Chico’s, the retailer aimed at women of a certain age, is changing its marketing stripes with a new logo and positioning that it hopes ups its fashion profile.
The new thinking goes back to the company’s origin story as a small boutique on Florida’s Sanibel Island 35 years ago. “It was really more of a small art gallery that sold a little clothing,” says Kimberly Grabel, senior vice president of marketing. “Clothes sold so well that apparel became the focus.”
As time went on, Chico's became known not just for essentials, but “memorable pieces, ones that were truly special and artisanal,” adds Grabel. Bright colors and prints also helped the retailer stand out.
“We make artwork for her closet, and we want to remind her of that,” Grabel tells Marketing Daily.
Future Brands redesigned the logo with an artful brushstroke emphasizing “Chic,” which Grabel says is an attempt to give it “a more elevated aesthetic” that gets back to those roots.
Chico’s has tied the launch to a new collection that maintains that heritage with “beautifully designed jackets, the thoughtful use of color and statement jewelry made from genuine materials.”
The company recently posted a 2.2% gain in comparable-store sales, with all three brands (it also owns White House Black Market and Soma) showing an improvement. That feat hasn’t happened since 2014. The company also trimmed its losses to $4.3 million, a step up from a loss in the comparable period of $16.6 million.
Chico’s has faced challenges similar to many specialty retailers, and shuttered 77 stores last year.
But it also has the burden of a historically tricky category. On paper, stores catering to older women make perfect sense: Between Gen X and baby boomers, tens of millions feel aged out of most fashion retail. Grabel says the number of women entering that 50-plus zone -- the brand’s sweet spot -- is going to grow by 30% in the next 10 years.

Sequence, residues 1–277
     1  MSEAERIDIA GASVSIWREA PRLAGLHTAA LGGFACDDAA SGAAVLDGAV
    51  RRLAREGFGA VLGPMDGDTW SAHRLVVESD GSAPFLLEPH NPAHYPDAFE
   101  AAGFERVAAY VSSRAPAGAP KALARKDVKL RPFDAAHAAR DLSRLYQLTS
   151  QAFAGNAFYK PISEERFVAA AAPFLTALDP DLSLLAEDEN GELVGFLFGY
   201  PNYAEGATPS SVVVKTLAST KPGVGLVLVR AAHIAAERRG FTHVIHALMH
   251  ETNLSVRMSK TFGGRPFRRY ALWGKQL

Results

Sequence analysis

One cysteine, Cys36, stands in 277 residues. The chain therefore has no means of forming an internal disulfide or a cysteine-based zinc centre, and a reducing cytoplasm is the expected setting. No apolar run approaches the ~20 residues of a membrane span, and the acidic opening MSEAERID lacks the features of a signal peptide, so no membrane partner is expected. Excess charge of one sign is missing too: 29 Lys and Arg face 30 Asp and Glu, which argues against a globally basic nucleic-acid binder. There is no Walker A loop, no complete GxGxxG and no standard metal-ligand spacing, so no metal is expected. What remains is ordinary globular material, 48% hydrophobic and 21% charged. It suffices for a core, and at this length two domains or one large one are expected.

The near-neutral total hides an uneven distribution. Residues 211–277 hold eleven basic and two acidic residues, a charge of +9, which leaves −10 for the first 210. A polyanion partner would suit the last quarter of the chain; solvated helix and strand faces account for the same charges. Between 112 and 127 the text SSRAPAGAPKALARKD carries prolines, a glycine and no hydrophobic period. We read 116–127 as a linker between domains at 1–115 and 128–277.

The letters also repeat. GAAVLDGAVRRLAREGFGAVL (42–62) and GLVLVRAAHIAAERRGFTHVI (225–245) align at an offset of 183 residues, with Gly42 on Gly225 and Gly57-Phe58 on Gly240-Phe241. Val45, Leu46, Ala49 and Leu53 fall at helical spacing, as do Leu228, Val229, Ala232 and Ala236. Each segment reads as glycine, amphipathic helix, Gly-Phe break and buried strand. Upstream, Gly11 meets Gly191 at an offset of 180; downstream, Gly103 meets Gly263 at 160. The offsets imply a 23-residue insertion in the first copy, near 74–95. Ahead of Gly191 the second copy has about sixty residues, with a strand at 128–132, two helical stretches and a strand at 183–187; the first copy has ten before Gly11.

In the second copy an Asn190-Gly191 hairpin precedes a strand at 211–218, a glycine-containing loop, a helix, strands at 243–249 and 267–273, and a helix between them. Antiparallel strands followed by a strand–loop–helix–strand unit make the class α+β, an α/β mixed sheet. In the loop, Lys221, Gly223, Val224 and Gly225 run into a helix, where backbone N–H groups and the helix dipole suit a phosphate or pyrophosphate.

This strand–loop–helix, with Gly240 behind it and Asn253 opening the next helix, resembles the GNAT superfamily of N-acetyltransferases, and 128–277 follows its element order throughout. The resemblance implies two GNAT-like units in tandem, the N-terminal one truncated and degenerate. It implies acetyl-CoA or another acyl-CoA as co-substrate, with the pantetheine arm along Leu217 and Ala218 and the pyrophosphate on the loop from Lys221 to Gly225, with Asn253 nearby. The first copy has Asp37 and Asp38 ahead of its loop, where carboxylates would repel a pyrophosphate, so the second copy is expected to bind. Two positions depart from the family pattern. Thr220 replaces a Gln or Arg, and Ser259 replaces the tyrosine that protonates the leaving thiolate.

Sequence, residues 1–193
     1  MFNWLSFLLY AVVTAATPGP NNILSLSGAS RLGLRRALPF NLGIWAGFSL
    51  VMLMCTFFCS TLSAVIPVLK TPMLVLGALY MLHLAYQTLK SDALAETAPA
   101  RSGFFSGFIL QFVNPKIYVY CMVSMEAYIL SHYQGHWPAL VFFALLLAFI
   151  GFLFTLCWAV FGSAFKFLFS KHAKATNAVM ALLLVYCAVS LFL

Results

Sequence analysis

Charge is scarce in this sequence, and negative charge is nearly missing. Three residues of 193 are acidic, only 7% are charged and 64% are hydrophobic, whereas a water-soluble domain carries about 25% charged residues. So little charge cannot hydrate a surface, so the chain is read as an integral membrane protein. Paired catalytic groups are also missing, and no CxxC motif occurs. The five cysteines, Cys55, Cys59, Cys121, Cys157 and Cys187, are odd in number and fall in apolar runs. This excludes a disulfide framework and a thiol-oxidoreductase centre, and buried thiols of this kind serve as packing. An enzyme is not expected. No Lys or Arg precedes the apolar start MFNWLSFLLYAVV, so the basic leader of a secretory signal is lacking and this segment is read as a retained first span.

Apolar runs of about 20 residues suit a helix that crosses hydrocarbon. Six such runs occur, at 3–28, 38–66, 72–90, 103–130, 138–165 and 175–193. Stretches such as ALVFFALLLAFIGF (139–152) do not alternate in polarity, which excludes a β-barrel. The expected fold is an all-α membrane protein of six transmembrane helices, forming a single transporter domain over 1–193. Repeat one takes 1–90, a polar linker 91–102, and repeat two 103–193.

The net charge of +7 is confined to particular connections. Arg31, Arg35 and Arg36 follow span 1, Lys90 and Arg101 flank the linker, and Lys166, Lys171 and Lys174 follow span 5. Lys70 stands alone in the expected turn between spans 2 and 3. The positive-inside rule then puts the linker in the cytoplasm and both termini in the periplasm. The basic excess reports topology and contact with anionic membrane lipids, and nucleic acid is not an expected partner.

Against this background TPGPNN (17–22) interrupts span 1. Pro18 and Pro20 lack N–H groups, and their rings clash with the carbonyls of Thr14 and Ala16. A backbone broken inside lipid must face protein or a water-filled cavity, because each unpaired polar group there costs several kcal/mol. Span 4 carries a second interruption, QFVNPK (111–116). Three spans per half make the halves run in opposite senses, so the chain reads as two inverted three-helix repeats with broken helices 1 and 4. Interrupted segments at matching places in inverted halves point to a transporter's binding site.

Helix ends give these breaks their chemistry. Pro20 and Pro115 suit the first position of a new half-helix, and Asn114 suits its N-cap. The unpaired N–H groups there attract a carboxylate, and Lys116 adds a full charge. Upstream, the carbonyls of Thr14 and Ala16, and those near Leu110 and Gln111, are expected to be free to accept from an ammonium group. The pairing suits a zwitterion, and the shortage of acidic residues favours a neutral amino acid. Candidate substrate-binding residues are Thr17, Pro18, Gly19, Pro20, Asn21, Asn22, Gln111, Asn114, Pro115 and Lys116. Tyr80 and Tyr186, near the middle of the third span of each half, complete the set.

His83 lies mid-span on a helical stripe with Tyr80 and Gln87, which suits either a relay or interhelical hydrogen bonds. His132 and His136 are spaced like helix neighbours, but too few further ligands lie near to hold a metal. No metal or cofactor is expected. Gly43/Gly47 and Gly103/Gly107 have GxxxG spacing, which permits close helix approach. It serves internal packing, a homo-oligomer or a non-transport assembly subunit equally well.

But in reality, brands like Lands’ End and Coldwater Creek have had more ups and downs than most over the years, struggling to find merchandise and marketing that is neither too frumpy or too trendy.
“Our core shopper says 'I’m 53 and I don’t want to look 53. But I don’t want to look like I’m trying to be 27, either,’” says Grabel.
Chico’s has the added baggage of an extra generation. Women just turning 50, its primary target, are actually the daughters of Chico’s current customers. “We need to help them see Chico’s in a different light,” she says. “They think of it as their moms' store.”
Besides the new logo, the company is injecting all marketing materials with a look that’s artier and more like editorial than advertising. Ads have a heavy focus on Facebook and Instagram.
Grabel says there is a tremendous push for new content, with a different theme each month. It then links that theme to a new manicure, a monthly reading list from Simon & Schuster, a cocktail of the month from Diageo and a movie list. “The idea is to bring this sense of artistic chic together, across all of our touchpoints.”